Internal marketing, organisational culture, job satisfaction, and organisational performance in non-life insurance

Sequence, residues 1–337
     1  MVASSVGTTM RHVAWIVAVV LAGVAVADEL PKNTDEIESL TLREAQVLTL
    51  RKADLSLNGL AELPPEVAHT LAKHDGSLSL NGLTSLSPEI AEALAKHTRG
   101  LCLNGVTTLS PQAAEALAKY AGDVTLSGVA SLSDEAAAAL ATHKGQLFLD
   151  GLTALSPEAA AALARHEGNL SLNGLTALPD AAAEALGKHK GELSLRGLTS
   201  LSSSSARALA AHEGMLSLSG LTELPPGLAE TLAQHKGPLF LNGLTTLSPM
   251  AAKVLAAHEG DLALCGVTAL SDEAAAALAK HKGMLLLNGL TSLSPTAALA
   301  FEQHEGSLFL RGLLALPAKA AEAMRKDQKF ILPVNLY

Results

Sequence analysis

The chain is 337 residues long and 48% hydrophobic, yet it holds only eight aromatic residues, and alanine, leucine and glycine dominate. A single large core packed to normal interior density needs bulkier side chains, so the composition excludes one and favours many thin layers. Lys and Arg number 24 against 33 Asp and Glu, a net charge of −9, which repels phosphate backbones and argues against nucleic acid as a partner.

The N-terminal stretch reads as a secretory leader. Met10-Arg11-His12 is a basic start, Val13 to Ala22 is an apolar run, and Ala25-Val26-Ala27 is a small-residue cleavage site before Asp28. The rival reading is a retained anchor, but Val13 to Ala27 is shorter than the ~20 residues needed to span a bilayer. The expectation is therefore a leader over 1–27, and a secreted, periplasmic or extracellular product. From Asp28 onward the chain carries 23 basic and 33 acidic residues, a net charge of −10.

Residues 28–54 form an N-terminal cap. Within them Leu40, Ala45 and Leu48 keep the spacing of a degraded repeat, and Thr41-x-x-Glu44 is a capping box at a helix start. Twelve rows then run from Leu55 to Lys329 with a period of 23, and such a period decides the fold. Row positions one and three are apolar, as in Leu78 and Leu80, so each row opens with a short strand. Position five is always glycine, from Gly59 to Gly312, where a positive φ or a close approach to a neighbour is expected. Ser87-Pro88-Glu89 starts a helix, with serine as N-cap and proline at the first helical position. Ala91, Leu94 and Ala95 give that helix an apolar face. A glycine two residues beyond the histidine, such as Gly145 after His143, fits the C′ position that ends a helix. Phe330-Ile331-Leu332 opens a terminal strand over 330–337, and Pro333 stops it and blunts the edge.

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<ul><li><p>This article was downloaded by: [University of Otago]On: 10 September 2014, At: 21:49Publisher: RoutledgeInforma Ltd Registered in England and Wales Registered Number: 1072954 Registeredoffice: Mortimer House, 37-41 Mortimer Street, London W1T 3JH, UK</p><p>The Service Industries JournalPublication details, including instructions for authors andsubscription information:</p><p>Internal marketing, organisationalculture, job satisfaction, andorganisational performance in non-lifeinsuranceYung-Ming Shiu a &amp; Tsu-Wei Yu ba Department of Business Studies , National Cheng KungUniversity , Taiwan, Republic of Chinab Institute of International Business, National Cheng KungUniversity , Taiwan, Republic of ChinaPublished online: 20 Oct 2009.</p><p>To cite this article: Yung-Ming Shiu &amp; Tsu-Wei Yu (2010) Internal marketing, organisational culture,job satisfaction, and organisational performance in non-life insurance, The Service IndustriesJournal, 30:6, 793-809, DOI: 10.1080/02642060701849840</p><p>To link to this article:</p><p>PLEASE SCROLL DOWN FOR ARTICLE</p><p>Taylor &amp; Francis makes every effort to ensure the accuracy of all the information (theContent) contained in the publications on our platform. However, Taylor &amp; Francis,our agents, and our licensors make no representations or warranties whatsoever as tothe accuracy, completeness, or suitability for any purpose of the Content. Any opinionsand views expressed in this publication are the opinions and views of the authors,and are not the views of or endorsed by Taylor &amp; Francis. The accuracy of the Contentshould not be relied upon and should be independently verified with primary sourcesof information. Taylor and Francis shall not be liable for any losses, actions, claims,proceedings, demands, costs, expenses, damages, and other liabilities whatsoever orhowsoever caused arising directly or indirectly in connection with, in relation to or arisingout of the use of the Content.</p><p>This article may be used for research, teaching, and private study purposes. Anysubstantial or systematic reproduction, redistribution, reselling, loan, sub-licensing,systematic supply, or distribution in any form to anyone is expressly forbidden. Terms &amp;</p><p></p></li><li><p>Conditions of access and use can be found at</p><p>Dow</p><p>nloa</p><p>ded </p><p>by [</p><p>Uni</p><p>vers</p><p>ity o</p><p>f O</p><p>tago</p><p>] at</p><p> 21:</p><p>49 1</p><p>0 Se</p><p>ptem</p><p>ber </p><p>2014</p><p></p></li><li><p>Internal marketing, organisational culture, job satisfaction,and organisational performance in non-life insurance</p><p>Yung-Ming Shiua and Tsu-Wei Yub</p><p>aDepartment of Business Studies, National Cheng Kung University, Taiwan, Republic of China;bInstitute of International Business, National Cheng Kung University, Taiwan, Republic of China</p><p>(Received 30 October 2007; final version received 9 November 2007)</p><p>The concept of internal marketing employed in the service sector is crucial to excellentservice provision and successful external marketing. This study conducts an empiricalinvestigation into the non-life insurance industry in Taiwan, exploring the correlationbetween internal marketing, organisational culture, job satisfaction, and organisationalperformance in Taiwan. Results show significant correlations among internalmarketing, organisational culture, job satisfaction, and performance of non-lifeinsurers. These findings can provide a basis for future studies of related topics as wellas a solid reference for business owners and managers in the non-life insurance sector.</p><p>Keywords: non-life insurer; internal marketing; organisational culture; jobsatisfaction; organisational performance</p><p>Introduction</p><p>With the rapid changes in the working environment and tough business competition, the</p><p>advantage derived from factor inputs is shrinking. The key success factor for businesses</p><p>is no longer cash, but human capital. Knowledge is increasingly seen as the key to the</p><p>success of a business operation. The performance of service personnel significantly</p><p>affects customer satisfaction (Dunlap, Dotson, &amp; Chambers, 1988; Parasuraman, Zeithaml,</p><p>&amp; Berry, 1988) and business performance (Suter, 1995). As service industries become more</p><p>dominant in the global economy, the operational model of targeting only the end customers</p><p>in product marketing will require adjustments (Berry, 1981). In service marketing, the target</p><p>includes not only the end customers (external customers), but also the employees within the</p><p>business (internal customers). Marketing aimed at internal customers is called internal</p><p>marketing (Berry, 1981; Gronroos, 1981, 2001; Sasser &amp; Arbeit, 1976). This internal</p><p>market also requires a service marketing orientation (Barnes &amp; Morris, 2000; Conduit &amp;</p><p>Mavondo, 2001; Heskett, 1987). Hence, both internal and external marketing are important</p><p>for the operation of service industries.</p><p>Kotler (2000) points out that internal marketing is indeed more important than external</p><p>marketing. In addition, Greene, Walls, and Schrest (1994) hold that internal marketing is</p><p>the key to better service and emphasise that it is a required condition for external marketing.</p><p>Many scholars have found evidence supporting the view that an internal marketing-oriented</p><p>organisational culture is a major element in a successful service industry operation (Bowen</p><p>&amp; Schneider, 1988; George, 1990; Greene et al., 1994; Gronroos, 1990; Rafiq &amp; Ahmed,</p><p>2000) and that employee job satisfaction can be improved along with organisational</p><p>ISSN 0264-2069 print/ISSN 1743-9507 online</p><p># 2010 Taylor &amp; FrancisDOI: 10.1080/02642060701849840</p><p></p><p>Corresponding author. Email:</p><p>The Service Industries Journal</p><p>Vol. 30, No. 6, June 2010, 793809</p><p>Dow</p><p>nloa</p><p>ded </p><p>by [</p><p>Uni</p><p>vers</p><p>ity o</p><p>f O</p><p>tago</p><p>] at</p><p> 21:</p><p>49 1</p><p>0 Se</p><p>ptem</p><p>ber </p><p>2014</p></li><li><p>performance (McCartney, 2000; Motowidlo, 1984; Nebeker et al., 2001; Pfeffer &amp; Veiga,</p><p>1999).</p><p>Due to improvements in living standards, as well as the booming development of trans-</p><p>national investments and foreign trade, the number of insurance companies in Taiwan is on</p><p>the increase. The insurance sector is of particular interest from the market orientation</p><p>viewpoint, as it works with intangible commodities in which service, quality, and custo-</p><p>mer orientation are crucial elements (Lado, Maydeu-Olivares, &amp; Rivera, 1998). The com-</p><p>petitive characteristics generated by the Taiwan insurance market provide an additional</p><p>interest in studying market orientation in this area. The insurance sector in Taiwan has</p><p>traditionally operated subject to strict regulations and strong protection from international</p><p>competition. For some years now the Taiwan government has been working on the liberal-</p><p>isation of this sector. Effective implementation of this has brought about a major increase</p><p>in competition within the sector and has provoked a major restructuring of insurance</p><p>companies and groups on the island.</p><p>There is also little clear empirical evidence of a positive relationship between organ-</p><p>isational culture and internal marketing, and job satisfaction and organisational perform-</p><p>ance. There is even less research examining the mechanics of this linkage. To bridge these</p><p>gaps, the main purpose of this study is to explore relationships among internal marketing,</p><p>organisational culture, job satisfaction, and organisational performance of insurance com-</p><p>panies in Taiwan.</p><p>The paper extends prior research and contributes to the literature in the following way.</p><p>First, our empirical results were strongly supported and could serve as reference for future</p><p>studies on the integration of internal marketing and organisational culture. Second, job sat-</p><p>isfaction the mediating variable of internal marketing, organisational culture, and organ-</p><p>isational performance based on the discussions of the relationship among internal</p><p>marketing, organisational culture, job satisfaction, and organisational performance </p><p>may also be a valuable reference. Third, this study is one of the first to investigate this</p><p>issue in the insurance industry. Hence, it can fill the gap in the literature. Furthermore,</p><p>the finding can be compared with those of research in other fields. The final contribution</p><p>of this research is methodology. We apply a structural equation modelling approach that</p><p>has comparative strengths in examining multiple constructs. Our findings show that</p><p>internal marketing affects organisational performance through job satisfaction in the</p><p>non-life insurance industry. Job satisfaction mediates the relationship between internal</p><p>marketing and organisational performance. As a consequence, insurers should reinforce</p><p>organisational culture, internal marketing, and job satisfaction to elevate organisational</p><p>performance.</p><p>The article is organised as follows. In the second section, we provide the previous</p><p>literature and development for hypotheses. In the third section, we present the sample,</p><p>data collection procedure, measures, and statistical approaches. The main results are pre-</p><p>sented and discussed in the fourth section. Finally, in the fifth section, the article concludes</p><p>with managerial implications of this study for practitioners, limitations of the study, and</p><p>avenues for future research.</p><p>Literature review and hypotheses development</p><p>Internal marketing</p><p>The concept of internal marketing is derived from Sasser and Arbeit (1976). Internal</p><p>marketing can be divided into five major components.</p><p>794 Y.-M. Shiu and T.-W. Yu</p><p>Dow</p><p>nloa</p><p>ded </p><p>by [</p><p>Uni</p><p>vers</p><p>ity o</p><p>f O</p><p>tago</p><p>] at</p><p> 21:</p><p>49 1</p><p>0 Se</p><p>ptem</p><p>ber </p><p>2014</p></li><li><p>Viewing employees as internal customers</p><p>Gronroos (1981) was the first scholar to define the concept of internal marketing as a way</p><p>of looking at employees as internal customers. The objective of this view is to enable</p><p>employee satisfaction, which in turn would lead to better performance. He also offered</p><p>strategic and tactical levels for internal marketing. Since then, many scholars (Berry,</p><p>1981; Cahill, 1996a, 1996b; Gronroos, 2001; Hult, Hurley, Giunipero, &amp; Nichols, 2000;</p><p>Lings, 2004; Sasser &amp; Arbeit, 1976) have supported his perspective.</p><p>Enabling employees to be customer oriented</p><p>The objective of internal marketing is to create motivated and customer-conscious</p><p>employees in order to achieve service excellence (Papasolomou, 2006). The use of market-</p><p>ing in the internal marketing context suggests an emphasis on the application of marketing</p><p>techniques, approaches, concepts, and theories aimed at achieving customer satisfaction</p><p>in the context of internal customers. In order to achieve success in the external market</p><p>(Gronroos, 1985), Piercy and Morgan (1991) hold that a business should, using a structure</p><p>similar to external marketing, develop a set of marketing programmes for the internal</p><p>market in order to stimulate employees to develop service consciousness and customer-</p><p>oriented behaviour. Many scholars (Conduit &amp; Mavondo, 2001; George, 1990; Gronroos,</p><p>1985; Heskett, 1987; Lings, 2004; Pfeffer &amp; Veiga, 1999) have similar viewpoints.</p><p>Human resource management-oriented viewpoint</p><p>Kelemen and Papasolomou-Doukakis (2004) and Joseph (1996) demonstrate that internal</p><p>marketing should be used in marketing and human resource management in order to stimu-</p><p>late, encourage, mobilise, recruit, and manage all employees within an organisation and</p><p>continuously improve the service methods for outside customers and internal employees.</p><p>Effective internal marketing reflects the needs of the employees and achieves even more</p><p>than the organisational objectives and goals. In critiquing the internal marketing discourse,</p><p>Hales (1994) provides a demonstration of the pervasive managerialist perspective on</p><p>internal marketing. Cooper and Cronin (2000) point out that internal marketing is com-</p><p>posed of the efforts of an organisation to train and encourage its employees in order to</p><p>offer better services. A number of scholars (Berry &amp; Parasuraman, 1991; Lings, 2004;</p><p>Rafiq &amp; Ahmed, 2000) have offered similar arguments.</p><p>Internal exchange</p><p>George (1990) indicates that the argument of internal marketing is such that if a company</p><p>wants to satisfy its external customers, it should first take effective care of the internal</p><p>interchange between itself and its employees. Bak, Vogt, George, and Greentree (1994)</p><p>argued that in order to achieve the goals in the external market, the internal exchange</p><p>between the organisation and its employees has to work efficiently. Piercy and Morgan</p><p>(1991), Cahill (1996a, 1996b), Gronroos (2001), and Lings (2004) have also supported</p><p>this view.</p><p>Strategic tools</p><p>Dennis (1995) took the position that internal marketing was a kind of strategic manage-</p><p>ment philosophy, which attracts, develops, motivates, and maintains outstanding employ-</p><p>ees by providing the needed satisfied employees and work quality. Likewise, Rafiq and</p><p>The Service Industries Journal 795</p><p>Dow</p><p>nloa</p><p>ded </p><p>by [</p><p>Uni</p><p>vers</p><p>ity o</p><p>f O</p><p>tago</p><p>] at</p><p> 21:</p><p>49 1</p><p>0 Se</p><p>ptem</p><p>ber </p><p>2014</p></li><li><p>Ahmed (2000) and Ahmed and Rafiq (2003, 2004) argued that the five main elements of</p><p>internal marketing are identified. These are:</p><p>(1) Employee motivation and satisfaction;</p><p>(2) Customer orientation and customer satisfaction;</p><p>(3) Inter-function coordination and integration;</p><p>(4) Marketing-like approach to the above;</p><p>(5) Implementation of specific corporate and functional strategies.</p><p>Based on these, they define internal marketing as a planned effort using a marketing-</p><p>like approach to overcome organisational resistance to change and to align, motivate and</p><p>inter-functionally coordinate and integrate employees towards the effective implemen-</p><p>tation of corporate and functional strategies in order to deliver customer satisfaction</p><p>through a process of creating motivated and customer-orientated employees.</p><p>Organisational culture</p><p>The relevant literature shows that organisational culture is viewed in many different ways.</p><p>Several scholars believe that organisational culture represents the values, attitudes, expec-</p><p>tations, norms, beliefs, faiths, and assumptions in an organisation shared by all the business</p><p>members (Deshpande &amp; Farley, 1999, p. 112; Lorsch, 1986, p. 95; Martin, Feldman, Hatch,</p><p>&amp; Sitkin, 1983, p. 439; Mitchell &amp; Yate, 2002, p. 33; Smircich, 1983, p. 341; Smircich &amp;</p><p>Stubbart, 1985, p. 727). Tunstall (1985) holds that organisational culture represents the</p><p>business customs, rituals, and symbolisation. Likewise, organisational culture refers to</p><p>the set of norms, attitudes, values, and behaviour patterns that form the core identity of</p><p>a business or an operating unit within a business (Denison, 1984). In other words, organ-</p><p>isational culture allows an organisation to address the ever-changing problems of adap-</p><p>tation to the external environment and the internal integration of organisational</p><p>resources, personnel, and policies to support external ad...</p></li></ul>